Monday, April 26, 2010


SKETCHING mentioned this great set of posts from Mark Kennedy. Titled "A Kick in the Head" they're intended as reminders for working artists, but work pretty well for those of us doing this for fun.

On a lighter note, wouldn't you like to know how to cure ANY weakness in your art in one easy step? SEE HERE!

I like NPR. But I have to wonder what they were thinking of here, specifically this section;
Riders beware, though: Urban cycling is not for the faint of heart. You respectfully share the road, of course, but you will be confronted by reckless drivers and the occasional angry pedestrian. But you're a warrior, so ride like one. Don't forget to bring your battle gear: a helmet, some LED lights and, of course, a dose of healthy aggression.
You aren't a warrior. You're someone on a bike, usually up against someone in (at least) a half tonne of metal. Claim your space on the road, ride predictably and considerately. No warring or aggression is required.

Read on that one of my favourite riders, Sylvain Chavanel, will be out for 8 weeks after his crash in Liege-Bastogne-Liege. Chavanel sustained a fracture to the base of his skull, potentially very nasty indeed. He's an exciting rider to watch, and I love his attitude to the sport;
You know, I just want to race! That may sound simplistic at first, but I'll explain: In this Tour, I get the impression that nobody really races. I mean, everybody is saving their energy for later, for the final week.
But I don't care about later... I don't care about a top 15 placing. That's not why I'm here. Cycling would be quite a sad affair if everybody was speculating like that. I mean, you shouldn't be afraid to take a blow. It's also much more exciting for the spectators: they want us to attack - and if we blow up on the next day, it doesn't matter! At least, we gave everything on the day we really went for it.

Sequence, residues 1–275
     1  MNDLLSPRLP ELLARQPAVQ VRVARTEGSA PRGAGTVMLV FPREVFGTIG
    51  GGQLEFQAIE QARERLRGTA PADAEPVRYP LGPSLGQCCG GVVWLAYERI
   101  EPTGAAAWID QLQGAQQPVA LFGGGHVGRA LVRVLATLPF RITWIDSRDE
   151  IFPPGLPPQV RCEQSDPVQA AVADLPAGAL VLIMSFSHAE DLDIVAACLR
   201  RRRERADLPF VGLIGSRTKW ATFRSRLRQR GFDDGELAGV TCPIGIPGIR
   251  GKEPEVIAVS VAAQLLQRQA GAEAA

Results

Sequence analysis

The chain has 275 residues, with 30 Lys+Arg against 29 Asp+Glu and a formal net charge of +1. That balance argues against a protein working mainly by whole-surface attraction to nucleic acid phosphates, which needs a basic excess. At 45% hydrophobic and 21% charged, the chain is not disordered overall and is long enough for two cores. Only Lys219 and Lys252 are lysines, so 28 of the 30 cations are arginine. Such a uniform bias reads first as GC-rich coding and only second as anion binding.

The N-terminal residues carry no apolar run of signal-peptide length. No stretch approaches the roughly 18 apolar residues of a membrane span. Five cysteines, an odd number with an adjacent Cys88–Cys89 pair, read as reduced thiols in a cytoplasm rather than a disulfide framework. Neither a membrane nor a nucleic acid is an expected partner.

That's what cycling is really about in my opinion. We're not here to wait in an armchair for things to happen. I'm not here to win the Tour - those riders are in a different position. I just want to race and make things happen for me! Who cares if I suffer later... And I will, that's for sure. Today, I feel a bit more tired. I hit the pedals hard yesterday, and I was in a break already on Sunday, so there's no wonder.

(Excerpt from his Tour Diary on Cyclingnews, 2008). Get well soon, Sylvain.

PARIS-ROUBAIX - The Untold Story
From the cycling inquisition blog, comes this tale of what happens when you try to take a replica trophy (that is, essentially, a large rock) through airline security.
Without putting much thought into it, I told the TSA agent that the rock was part of a trophy for a bike race, which takes place on cobbled roads. "And you won the race then?", he asked. "Yes, yes I did", I told him. How else would I explain the fact that I have this weird trophy? Why would I actually pay for a replica of a rock/trophy? I had to tell him I had won, in order for him to believe me.

In essence, I had just told this guy I was Fabian Cancellara .... As soon as I said it, I imagined further interrogation in a dark room somewhere in a JFK basement. I imagined TSA agents comparing my face to pictures of Cancellara, and me being forced to stick out my jaw to match his brutal underbite.
From flowing data comes this visualisation of US Tax Brackets over the past century. Now, for a non resident, that's not a matter of pressing interest, but the graphic produced is gorgeous.

I'm really enjoying the commentary on Cyclocosm lately. This piece, on the reaction to the podium at the Giro Del Trentino is thought provoking.
I think it’s pretty clear that the real villains in this tale of two podiums are the fickle cycling fans and commentators, and I think more people need to adapt the attitude taken by Fleche Wallonne winner Cadel Evans: some athletes in every sport will always cheat to win, and no amount of wristbands, invasive testing, or draconian punishment is going to change that.

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